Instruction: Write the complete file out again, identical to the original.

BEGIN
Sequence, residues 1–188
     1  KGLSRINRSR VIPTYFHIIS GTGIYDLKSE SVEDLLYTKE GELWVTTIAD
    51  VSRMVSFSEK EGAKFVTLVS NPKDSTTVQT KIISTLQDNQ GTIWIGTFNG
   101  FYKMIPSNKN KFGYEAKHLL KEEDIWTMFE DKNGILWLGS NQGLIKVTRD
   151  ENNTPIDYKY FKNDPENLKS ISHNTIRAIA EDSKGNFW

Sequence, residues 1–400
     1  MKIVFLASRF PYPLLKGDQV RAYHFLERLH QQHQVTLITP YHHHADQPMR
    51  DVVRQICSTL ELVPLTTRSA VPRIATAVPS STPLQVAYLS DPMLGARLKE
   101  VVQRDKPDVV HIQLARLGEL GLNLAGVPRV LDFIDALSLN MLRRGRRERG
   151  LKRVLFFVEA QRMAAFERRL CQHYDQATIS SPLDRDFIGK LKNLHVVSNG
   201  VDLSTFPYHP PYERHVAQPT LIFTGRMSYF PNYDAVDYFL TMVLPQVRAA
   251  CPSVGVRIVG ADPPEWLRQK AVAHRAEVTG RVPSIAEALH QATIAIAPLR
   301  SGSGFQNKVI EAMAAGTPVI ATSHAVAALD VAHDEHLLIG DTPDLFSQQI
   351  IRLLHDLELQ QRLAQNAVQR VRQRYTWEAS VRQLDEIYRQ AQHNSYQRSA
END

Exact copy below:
Sequence, residues 1–188
     1  KGLSRINRSR VIPTYFHIIS GTGIYDLKSE SVEDLLYTKE GELWVTTIAD
    51  VSRMVSFSEK EGAKFVTLVS NPKDSTTVQT KIISTLQDNQ GTIWIGTFNG
   101  FYKMIPSNKN KFGYEAKHLL KEEDIWTMFE DKNGILWLGS NQGLIKVTRD
   151  ENNTPIDYKY FKNDPENLKS ISHNTIRAIA EDSKGNFW

Sequence, residues 1–400
     1  MKIVFLASRF PYPLLKGDQV RAYHFLERLH QQHQVTLITP YHHHADQPMR
    51  DVVRQICSTL ELVPLTTRSA VPRIATAVPS STPLQVAYLS DPMLGARLKE
   101  VVQRDKPDVV HIQLARLGEL GLNLAGVPRV LDFIDALSLN MLRRGRRERG
   151  LKRVLFFVEA QRMAAFERRL CQHYDQATIS SPLDRDFIGK LKNLHVVSNG
   201  VDLSTFPYHP PYERHVAQPT LIFTGRMSYF PNYDAVDYFL TMVLPQVRAA
   251  CPSVGVRIVG ADPPEWLRQK AVAHRAEVTG RVPSIAEALH QATIAIAPLR
   301  SGSGFQNKVI EAMAAGTPVI ATSHAVAALD VAHDEHLLIG DTPDLFSQQI
   351  IRLLHDLELQ QRLAQNAVQR VRQRYTWEAS VRQLDEIYRQ AQHNSYQRSA